An Archaeology of Town Commons in England

    SubTitle

    'A very fair field indeed'
    An Archaeology of Town Commons in England large image 1
        Paperback / softback

        Publication Date

        31 Aug 2009

        Summary

        Presents an overview of the archaeology of urban common land. By recognising that urban common land represents a valid historical entity, this book contributes towards successful informed conservation. It contains a variety of illustrations, including contemporary and archive photographs.
        9920211
        9920211

        Main Summary

          This is the first published overview of the archaeology of urban common land. By recognising that urban common land represents a valid historical entity, this book contributes towards successful informed conservation. It contains a variety of interesting and illuminating illustrations, including contemporary and archive photographs. Historically, towns in England were provided with common lands for grazing the draft animals of townspeople engaged in trade and for the pasturing of farm animals in an economy where the rural and the urban were inextricably mixed. The commons yielded wood, minerals, fruits and wild animals to the town's inhabitants and also developed as places of recreation and entertainment, as extensions of domestic and industrial space, and as an arena for military, religious and political activities. However, town commons have been largely disregarded by historians and archaeologists; the few remaining urban commons are under threat and are not adequately protected, despite recognition of their wildlife and recreational value. In 2002, English Heritage embarked upon a project to study town commons in England, to match its existing initiatives in other aspects of the urban scene. The aim was to investigate, through a representative sample, the archaeological content and Historic Environment value of urban commons in England and to prompt appropriate conservation strategies for them. The resulting book is the first overview of the archaeology of town commons - a rich resource because of the relatively benign traditional land-use of commons, which preserves the physical evidence of past activities, including prehistoric and Roman remains as well as traces of common use itself. The recognition of town commons as a valid historical entity and a valued part of the modern urban environment is an important first step towards successful informed conservation. An important consideration for the future is maintaining the character of town commons as a different sort of urban open space, distinct from parks and public gardens.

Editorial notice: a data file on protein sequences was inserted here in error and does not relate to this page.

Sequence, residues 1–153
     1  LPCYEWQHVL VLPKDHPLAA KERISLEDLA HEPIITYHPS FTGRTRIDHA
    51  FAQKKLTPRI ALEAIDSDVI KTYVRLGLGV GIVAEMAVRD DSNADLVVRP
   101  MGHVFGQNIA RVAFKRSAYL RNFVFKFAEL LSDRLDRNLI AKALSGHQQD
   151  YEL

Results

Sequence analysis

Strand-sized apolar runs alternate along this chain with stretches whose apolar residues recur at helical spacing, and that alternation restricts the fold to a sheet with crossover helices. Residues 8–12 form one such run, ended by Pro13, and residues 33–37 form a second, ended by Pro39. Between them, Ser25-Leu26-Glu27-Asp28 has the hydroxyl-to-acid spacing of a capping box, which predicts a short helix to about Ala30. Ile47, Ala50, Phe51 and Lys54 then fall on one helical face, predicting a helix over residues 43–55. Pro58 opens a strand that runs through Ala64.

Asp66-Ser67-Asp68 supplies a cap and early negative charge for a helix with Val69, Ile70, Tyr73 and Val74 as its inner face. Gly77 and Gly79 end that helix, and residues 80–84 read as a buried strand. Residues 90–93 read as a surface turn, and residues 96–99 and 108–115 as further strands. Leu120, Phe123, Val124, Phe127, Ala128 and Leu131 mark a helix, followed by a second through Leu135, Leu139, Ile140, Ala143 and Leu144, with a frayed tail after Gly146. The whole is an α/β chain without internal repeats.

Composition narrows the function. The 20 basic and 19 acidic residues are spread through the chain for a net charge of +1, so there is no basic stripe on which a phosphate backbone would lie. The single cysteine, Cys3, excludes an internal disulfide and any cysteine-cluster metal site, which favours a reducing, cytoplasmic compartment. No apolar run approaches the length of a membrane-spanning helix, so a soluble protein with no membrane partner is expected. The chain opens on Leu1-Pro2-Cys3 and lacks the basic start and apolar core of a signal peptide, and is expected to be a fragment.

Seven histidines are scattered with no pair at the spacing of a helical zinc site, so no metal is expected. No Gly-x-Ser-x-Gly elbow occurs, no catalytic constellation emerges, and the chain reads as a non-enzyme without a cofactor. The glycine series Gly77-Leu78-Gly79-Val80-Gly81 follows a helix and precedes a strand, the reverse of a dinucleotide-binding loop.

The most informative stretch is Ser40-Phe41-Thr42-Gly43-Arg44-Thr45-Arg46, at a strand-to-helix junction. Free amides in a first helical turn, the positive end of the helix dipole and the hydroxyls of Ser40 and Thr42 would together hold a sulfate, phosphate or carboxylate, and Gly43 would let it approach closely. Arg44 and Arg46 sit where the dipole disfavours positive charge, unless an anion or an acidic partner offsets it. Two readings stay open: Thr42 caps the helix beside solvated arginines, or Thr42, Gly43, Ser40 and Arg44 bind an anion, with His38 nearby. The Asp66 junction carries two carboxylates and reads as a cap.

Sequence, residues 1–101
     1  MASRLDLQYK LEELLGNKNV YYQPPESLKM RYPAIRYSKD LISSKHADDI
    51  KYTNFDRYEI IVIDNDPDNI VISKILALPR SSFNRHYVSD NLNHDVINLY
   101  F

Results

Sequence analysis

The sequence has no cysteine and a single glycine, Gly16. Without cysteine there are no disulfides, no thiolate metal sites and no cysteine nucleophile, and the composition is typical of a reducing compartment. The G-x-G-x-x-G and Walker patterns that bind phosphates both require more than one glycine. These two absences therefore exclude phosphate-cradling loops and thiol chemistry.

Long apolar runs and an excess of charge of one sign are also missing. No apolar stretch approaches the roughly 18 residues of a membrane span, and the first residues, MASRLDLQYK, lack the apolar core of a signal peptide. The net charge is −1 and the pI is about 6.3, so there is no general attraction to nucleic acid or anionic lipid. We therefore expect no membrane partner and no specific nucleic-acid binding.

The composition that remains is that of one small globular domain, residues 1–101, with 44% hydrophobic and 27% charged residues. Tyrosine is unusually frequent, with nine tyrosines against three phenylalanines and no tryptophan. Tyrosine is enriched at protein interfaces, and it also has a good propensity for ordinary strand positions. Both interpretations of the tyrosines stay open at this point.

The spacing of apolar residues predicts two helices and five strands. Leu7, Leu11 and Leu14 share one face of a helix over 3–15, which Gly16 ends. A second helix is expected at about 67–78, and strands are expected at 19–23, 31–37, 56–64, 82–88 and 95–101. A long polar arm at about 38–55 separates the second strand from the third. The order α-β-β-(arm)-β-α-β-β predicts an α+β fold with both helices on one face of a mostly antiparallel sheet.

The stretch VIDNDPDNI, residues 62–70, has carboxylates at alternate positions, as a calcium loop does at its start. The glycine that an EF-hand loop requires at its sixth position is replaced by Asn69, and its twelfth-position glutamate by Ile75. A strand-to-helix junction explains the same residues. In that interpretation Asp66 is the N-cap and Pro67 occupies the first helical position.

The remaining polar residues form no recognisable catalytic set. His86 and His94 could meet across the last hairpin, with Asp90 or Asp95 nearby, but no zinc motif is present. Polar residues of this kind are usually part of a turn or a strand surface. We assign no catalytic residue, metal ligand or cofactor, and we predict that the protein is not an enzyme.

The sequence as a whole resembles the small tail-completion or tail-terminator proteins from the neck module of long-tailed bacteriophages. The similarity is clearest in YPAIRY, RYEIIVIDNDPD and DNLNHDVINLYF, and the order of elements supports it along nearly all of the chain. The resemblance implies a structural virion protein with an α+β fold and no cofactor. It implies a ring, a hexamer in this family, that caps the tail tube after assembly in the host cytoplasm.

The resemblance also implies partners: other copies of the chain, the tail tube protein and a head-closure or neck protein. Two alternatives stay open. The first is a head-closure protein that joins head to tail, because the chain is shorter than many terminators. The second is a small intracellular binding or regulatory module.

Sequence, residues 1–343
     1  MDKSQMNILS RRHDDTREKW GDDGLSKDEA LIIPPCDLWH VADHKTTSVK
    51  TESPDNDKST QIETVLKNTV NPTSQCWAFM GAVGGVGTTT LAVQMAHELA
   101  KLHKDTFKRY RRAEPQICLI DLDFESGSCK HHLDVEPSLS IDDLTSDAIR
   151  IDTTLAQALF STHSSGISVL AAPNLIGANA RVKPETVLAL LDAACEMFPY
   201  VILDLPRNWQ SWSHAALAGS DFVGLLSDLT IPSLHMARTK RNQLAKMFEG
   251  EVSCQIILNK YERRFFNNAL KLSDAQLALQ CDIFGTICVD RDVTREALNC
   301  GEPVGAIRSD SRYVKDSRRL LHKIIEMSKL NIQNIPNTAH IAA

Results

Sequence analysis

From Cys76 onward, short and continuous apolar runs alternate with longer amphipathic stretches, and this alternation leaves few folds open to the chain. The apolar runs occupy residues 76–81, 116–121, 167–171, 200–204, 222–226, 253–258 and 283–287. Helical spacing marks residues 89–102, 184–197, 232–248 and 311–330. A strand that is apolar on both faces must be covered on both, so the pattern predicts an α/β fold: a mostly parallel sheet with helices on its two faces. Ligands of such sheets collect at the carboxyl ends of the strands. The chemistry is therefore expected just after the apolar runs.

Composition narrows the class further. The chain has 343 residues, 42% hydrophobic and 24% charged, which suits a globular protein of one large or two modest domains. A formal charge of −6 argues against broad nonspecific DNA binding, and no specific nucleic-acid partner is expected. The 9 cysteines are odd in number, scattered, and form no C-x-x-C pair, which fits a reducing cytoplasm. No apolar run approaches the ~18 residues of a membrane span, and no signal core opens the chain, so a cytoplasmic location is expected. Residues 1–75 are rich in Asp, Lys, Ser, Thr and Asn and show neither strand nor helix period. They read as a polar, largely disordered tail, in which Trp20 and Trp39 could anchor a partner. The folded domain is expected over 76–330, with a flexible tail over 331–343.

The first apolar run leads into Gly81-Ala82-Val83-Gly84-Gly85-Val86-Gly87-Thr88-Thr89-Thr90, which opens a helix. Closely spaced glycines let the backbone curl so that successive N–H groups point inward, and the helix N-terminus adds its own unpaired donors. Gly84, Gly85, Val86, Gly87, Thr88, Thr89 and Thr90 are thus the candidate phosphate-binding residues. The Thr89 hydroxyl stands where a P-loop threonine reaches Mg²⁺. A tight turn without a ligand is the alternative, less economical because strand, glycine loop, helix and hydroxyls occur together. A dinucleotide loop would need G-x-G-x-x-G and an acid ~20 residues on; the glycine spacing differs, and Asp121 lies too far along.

Additional Information

          Author

          Graham Brown
          Nicky Smith
          Mark Bowden

          Author Information

          Mark Bowden is based in the English Heritage Archaeological Survey and Investigation team.
          Graham Brown is based in the English Heritage Archaeological Survey and Investigation team.
          Nicky Smith is based in the English Heritage Archaeological Survey and Investigation team.

          Publishing Status

          Active

          Size

          276mm

          Number of Illustrations

          75

          Number of Pages

          112

          ISBN

          9781848020351

          Contents

            1. Introduction 2. The land before the commons 3. Farming on town commons 4. From the land 5. Defence of the realm 6. A social dimension to town commons 7. High days and holidays 8. Present and future

            Reviews

              'Attractively produced and readable, this will be useful not just to urbanists but also to anyone with an interest in common lands.'
              'A really useful volume, well researched and written, and full of interest in its detail.'
              Bob Silvester
              'a beautifully presented and informative work, of use to those with a general or academic interest in urban environments and archaeology, and to those with a more personal or professional concern'
              Eleanor Straughton